Hi S----- -thanks for your interest and comments. I think many scientists are reluctant to get involved in political debates - sometimes just getting footnoted in a political article can result in research funding being terminated or program cancellations. Even though I agree with much of what the new president says, and the courage he has demonstrated in some of his actions, I think that scientists will continue to be cautious until they are more certain about the outcome over the long term. (doesn't that restate the scientific world-view?) The conservative position taken by the drafters of the new NIH stem-cell research guidelines indicates to me that they still don't know how far the new president will allow them to go especially in the face of the reaction from the Council of Catholic Bishops. The NIH probably had a more liberal set of guidelines drafted but decided to lead with the conservative ones until they are more certain of the president's support - that might be decided at Notre Dame this weekend!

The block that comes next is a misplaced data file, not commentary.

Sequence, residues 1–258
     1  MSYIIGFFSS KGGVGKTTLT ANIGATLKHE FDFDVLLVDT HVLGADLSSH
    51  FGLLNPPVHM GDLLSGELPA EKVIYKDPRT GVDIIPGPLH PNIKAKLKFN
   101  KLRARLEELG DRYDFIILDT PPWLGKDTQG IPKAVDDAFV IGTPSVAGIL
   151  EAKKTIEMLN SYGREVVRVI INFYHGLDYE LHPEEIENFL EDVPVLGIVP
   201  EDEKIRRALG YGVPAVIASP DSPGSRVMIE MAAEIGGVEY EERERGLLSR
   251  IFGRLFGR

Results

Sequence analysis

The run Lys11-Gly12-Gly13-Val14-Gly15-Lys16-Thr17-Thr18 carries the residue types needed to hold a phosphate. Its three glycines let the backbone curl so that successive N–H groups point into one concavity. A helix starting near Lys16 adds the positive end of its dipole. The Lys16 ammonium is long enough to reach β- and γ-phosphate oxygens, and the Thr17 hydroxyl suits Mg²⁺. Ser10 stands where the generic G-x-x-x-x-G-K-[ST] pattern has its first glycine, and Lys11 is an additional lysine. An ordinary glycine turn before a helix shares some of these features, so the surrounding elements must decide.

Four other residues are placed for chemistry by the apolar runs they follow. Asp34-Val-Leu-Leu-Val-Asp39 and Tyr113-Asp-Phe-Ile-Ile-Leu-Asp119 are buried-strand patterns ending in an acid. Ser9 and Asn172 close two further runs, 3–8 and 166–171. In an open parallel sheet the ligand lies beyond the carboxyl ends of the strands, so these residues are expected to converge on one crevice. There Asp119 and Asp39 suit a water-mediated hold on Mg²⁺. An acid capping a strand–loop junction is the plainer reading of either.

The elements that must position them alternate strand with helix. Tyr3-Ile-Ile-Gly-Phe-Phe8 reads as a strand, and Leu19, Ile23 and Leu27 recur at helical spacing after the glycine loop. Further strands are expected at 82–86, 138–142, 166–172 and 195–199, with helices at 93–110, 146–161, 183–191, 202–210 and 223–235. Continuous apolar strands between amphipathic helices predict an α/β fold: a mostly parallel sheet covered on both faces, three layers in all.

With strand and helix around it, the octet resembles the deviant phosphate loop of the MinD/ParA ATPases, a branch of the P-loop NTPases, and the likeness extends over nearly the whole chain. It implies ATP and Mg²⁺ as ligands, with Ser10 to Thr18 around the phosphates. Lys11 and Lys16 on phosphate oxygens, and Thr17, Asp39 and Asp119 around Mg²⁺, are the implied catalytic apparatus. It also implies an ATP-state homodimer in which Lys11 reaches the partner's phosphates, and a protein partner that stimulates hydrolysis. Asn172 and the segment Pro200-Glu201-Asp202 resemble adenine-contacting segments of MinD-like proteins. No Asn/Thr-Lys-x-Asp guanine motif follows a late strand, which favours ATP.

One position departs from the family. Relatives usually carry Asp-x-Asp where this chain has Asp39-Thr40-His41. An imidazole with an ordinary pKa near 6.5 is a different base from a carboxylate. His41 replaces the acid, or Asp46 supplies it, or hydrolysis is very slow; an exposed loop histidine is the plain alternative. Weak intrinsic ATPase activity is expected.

Most people who are involving themselves in the stem cell debate are like you - family members or friends of people who suffer from diseases potentially treatable - even curable - through embryonic stem cell research. Many of those people are devoted christians who disagree with the clergy on this issue but are afraid to speak out. (despite what Roosevelt said - there are more things to fear than fear itself - one is being exposed to your co-religionists as a tool of satan and being shunned by your former friends and family. A daily form of terror that we should make war against!) My case of Parkinson's sounds more like your father's - up to this point mainly tremors - more a nuisance than a disease. Thanks again for your comments and support on this
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